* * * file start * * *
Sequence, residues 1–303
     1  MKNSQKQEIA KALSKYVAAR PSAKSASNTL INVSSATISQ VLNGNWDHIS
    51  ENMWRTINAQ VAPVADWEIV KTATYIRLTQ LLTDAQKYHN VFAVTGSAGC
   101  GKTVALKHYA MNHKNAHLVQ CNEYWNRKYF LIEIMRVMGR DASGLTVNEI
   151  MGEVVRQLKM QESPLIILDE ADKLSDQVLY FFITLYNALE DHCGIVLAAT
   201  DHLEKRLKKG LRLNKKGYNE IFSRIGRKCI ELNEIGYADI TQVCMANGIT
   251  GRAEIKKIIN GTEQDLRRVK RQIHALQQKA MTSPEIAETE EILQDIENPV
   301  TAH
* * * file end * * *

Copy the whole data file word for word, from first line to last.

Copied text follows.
Sequence, residues 1–303
     1  MKNSQKQEIA KALSKYVAAR PSAKSASNTL INVSSATISQ VLNGNWDHIS
    51  ENMWRTINAQ VAPVADWEIV KTATYIRLTQ LLTDAQKYHN VFAVTGSAGC
   101  GKTVALKHYA MNHKNAHLVQ CNEYWNRKYF LIEIMRVMGR DASGLTVNEI
   151  MGEVVRQLKM QESPLIILDE ADKLSDQVLY FFITLYNALE DHCGIVLAAT
   201  DHLEKRLKKG LRLNKKGYNE IFSRIGRKCI ELNEIGYADI TQVCMANGIT
   251  GRAEIKKIIN GTEQDLRRVK RQIHALQQKA MTSPEIAETE EILQDIENPV
   301  TAH